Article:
Music of Advent: “O Come, Divine Messiah” | WORLD
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Music of Advent: “O Come, Divine Messiah”


WORLD Radio - Music of Advent: “O Come, Divine Messiah”

Bringing a 16th century carol of waiting to contemporary ears

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MYRNA BROWN, HOST: Today is December 1st. Good morning! This is The World and Everything in It from listener-supported WORLD Radio. I’m Myrna Brown.

NICK EICHER, HOST: And I’m Nick Eicher. This Sunday marks the first week of Advent. Over the next four Sundays, Christians around the world will prepare for—and reflect on—the coming of Christ.

BROWN: At the close of each Friday’s program, from now till Christmas, correspondent Bonnie Pritchett will guide us through a selection of Advent hymns.

And just a quick note, we’re creating a Spotify Playlist again this year. We’ll keep it updated throughout the month so you can find the music for your own enjoyment. We’ve included the link to that in today’s transcript at


REPORTER, BONNIE PRITCHETT: Waiting. It’s not our strong suit. Especially when war and disaster fill headlines – and our hearts – with anxiety.

But for thousands of years, Christians have found peace in God’s promise to redeem this broken world. The 16th century French carol “O Come, Divine Messiah” is a plea for God to intervene. The Radio France Choir performs the carol on their 2018 album Noel Eternal.


Penned by French poet and playwright Simon Joseph Pellegrin, the carol’s French and English translations vary. But their message is the same…as conveyed in verse one of this French version: “O son of God, do not tarry. By your incarnation give joy to our world in dismay. Tell us once again how much you love us. So many don’t know about you! O Come, O Come, O Come!”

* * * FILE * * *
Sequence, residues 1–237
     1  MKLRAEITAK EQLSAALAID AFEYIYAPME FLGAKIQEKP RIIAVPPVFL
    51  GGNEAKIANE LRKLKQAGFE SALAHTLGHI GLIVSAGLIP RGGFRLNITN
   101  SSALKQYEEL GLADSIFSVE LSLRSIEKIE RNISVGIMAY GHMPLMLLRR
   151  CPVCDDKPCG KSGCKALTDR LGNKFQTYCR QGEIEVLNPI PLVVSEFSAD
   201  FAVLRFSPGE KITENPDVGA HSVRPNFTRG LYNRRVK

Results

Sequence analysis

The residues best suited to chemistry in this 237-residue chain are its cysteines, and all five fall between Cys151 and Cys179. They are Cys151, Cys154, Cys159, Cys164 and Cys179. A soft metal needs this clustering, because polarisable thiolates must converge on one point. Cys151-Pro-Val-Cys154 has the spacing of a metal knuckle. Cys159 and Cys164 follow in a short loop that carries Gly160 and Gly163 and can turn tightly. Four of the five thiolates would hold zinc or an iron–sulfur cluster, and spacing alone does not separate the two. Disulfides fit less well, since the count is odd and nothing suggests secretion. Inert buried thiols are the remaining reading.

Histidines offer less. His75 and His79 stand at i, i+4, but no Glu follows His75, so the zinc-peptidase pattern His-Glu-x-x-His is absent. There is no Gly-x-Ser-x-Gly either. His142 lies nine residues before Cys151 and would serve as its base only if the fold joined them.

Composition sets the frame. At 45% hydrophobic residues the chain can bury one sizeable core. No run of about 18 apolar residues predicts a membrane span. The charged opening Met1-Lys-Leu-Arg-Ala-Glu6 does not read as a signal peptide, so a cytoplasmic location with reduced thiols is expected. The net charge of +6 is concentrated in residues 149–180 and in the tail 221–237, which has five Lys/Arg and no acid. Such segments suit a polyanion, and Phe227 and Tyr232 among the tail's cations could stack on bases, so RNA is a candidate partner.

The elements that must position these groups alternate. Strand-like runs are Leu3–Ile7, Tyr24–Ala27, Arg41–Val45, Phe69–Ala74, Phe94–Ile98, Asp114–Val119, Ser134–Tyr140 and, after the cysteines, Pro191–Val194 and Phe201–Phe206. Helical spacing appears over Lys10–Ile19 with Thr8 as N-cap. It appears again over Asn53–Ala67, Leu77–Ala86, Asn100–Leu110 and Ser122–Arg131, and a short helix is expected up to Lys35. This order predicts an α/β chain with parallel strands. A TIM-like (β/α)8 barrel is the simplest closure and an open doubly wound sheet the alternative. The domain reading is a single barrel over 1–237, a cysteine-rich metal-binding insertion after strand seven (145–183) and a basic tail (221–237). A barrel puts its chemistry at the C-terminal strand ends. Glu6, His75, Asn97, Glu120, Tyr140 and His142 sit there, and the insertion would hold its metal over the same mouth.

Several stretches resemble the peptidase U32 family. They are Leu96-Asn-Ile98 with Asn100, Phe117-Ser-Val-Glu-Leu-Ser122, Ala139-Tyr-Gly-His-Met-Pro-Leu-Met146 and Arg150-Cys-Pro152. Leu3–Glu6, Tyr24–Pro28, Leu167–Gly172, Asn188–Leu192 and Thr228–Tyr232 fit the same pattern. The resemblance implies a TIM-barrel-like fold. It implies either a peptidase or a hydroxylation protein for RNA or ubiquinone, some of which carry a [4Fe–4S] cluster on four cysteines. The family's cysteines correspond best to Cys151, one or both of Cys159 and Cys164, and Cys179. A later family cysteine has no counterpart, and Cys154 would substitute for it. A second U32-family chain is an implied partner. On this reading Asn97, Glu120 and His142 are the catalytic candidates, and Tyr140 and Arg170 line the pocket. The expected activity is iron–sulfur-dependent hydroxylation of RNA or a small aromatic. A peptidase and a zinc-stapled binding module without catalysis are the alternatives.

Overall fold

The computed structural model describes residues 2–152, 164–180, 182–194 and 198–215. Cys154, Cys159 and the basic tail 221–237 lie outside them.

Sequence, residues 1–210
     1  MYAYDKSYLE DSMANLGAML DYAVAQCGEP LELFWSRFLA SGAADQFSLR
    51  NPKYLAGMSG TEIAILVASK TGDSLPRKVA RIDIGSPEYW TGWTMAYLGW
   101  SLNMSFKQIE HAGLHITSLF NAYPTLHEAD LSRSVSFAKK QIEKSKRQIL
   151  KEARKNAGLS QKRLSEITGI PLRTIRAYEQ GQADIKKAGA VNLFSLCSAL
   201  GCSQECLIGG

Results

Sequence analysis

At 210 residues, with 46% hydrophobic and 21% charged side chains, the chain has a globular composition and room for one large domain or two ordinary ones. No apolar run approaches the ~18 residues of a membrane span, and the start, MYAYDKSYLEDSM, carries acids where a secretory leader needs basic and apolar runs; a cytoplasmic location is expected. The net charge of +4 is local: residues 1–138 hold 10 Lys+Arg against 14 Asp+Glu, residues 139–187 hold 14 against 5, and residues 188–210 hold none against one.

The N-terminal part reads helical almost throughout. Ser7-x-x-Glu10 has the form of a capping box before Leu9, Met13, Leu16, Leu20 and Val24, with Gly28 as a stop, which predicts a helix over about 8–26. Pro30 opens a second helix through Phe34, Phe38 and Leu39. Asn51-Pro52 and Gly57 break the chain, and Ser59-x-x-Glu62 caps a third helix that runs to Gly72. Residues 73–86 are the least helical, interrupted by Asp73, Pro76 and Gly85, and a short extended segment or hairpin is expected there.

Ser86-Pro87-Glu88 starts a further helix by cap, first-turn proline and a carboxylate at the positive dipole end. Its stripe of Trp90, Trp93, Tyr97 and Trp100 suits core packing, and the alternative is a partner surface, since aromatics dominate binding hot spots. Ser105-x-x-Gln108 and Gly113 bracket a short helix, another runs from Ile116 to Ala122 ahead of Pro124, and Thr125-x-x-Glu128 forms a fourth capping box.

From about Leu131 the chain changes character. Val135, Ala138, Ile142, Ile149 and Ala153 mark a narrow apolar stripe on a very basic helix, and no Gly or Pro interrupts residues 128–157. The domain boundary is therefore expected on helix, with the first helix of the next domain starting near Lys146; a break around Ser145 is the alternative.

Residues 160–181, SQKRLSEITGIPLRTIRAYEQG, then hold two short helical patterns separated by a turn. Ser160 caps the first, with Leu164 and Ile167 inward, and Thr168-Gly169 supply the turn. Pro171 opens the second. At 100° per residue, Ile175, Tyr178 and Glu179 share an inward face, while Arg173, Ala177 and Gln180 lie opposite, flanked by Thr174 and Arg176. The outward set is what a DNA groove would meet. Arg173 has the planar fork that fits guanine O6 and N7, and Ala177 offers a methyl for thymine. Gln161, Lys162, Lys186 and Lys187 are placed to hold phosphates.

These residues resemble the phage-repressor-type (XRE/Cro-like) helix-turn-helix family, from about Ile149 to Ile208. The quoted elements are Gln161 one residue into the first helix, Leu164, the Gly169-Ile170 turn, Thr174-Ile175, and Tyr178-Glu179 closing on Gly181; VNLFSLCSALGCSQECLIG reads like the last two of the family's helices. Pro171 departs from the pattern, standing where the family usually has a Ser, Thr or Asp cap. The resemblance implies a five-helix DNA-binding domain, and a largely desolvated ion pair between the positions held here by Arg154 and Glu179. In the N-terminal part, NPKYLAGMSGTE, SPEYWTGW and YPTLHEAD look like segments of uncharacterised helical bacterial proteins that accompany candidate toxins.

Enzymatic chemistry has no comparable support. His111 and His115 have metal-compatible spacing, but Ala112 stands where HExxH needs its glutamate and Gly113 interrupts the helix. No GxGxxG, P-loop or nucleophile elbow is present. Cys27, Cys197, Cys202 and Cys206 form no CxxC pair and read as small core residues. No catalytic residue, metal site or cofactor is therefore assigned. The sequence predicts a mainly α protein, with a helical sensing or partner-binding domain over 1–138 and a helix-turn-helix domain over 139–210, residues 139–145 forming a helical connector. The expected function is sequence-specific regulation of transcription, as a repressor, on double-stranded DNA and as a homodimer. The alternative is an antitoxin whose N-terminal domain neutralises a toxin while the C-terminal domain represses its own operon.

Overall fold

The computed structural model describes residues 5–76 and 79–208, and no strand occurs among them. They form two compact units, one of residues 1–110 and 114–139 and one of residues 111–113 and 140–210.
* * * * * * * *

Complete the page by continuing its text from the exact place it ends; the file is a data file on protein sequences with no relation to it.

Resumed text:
The Barra McNeils are a Canadian family ensemble. They contribute their Celtic influence to the carol on this 1999 Christmas Album.

SINGING: Sweet Savior, Haste! Come to earth. Dispel the night and show thy face. And bid us hail the dawn of grace.

The family’s lilting voices express that waiting – with hope – can dispel sadness.

SINGING: O, Thou, who nations sighed for, whom priests and prophets long foretold, come break the captives fetters, redeem the long-lost fold. O, come divine Messiah, the world in silence waits the day when hope shall sing its triumph and sadness flee away.



On a 2015 album, the musicians of Redeemer Downtown released their version of the carol and called it In Silence.

The slow, measured tempo mimics the passage of time. Of waiting.

SINGING: O come in peace and meekness, for lowly will your cradle be. Though clothed in human weakness we shall your God-head see. O, come divine Messiah, the world in silence waits the day when hope shall see its triumph and sadness flee away. And sadness flee away.

Reporting for WORLD, I’m Bonnie Pritchett.

WORLD Radio transcripts are created on a rush deadline. This text may not be in its final form and may be updated or revised in the future. Accuracy and availability may vary. The authoritative record of WORLD Radio programming is the audio record.


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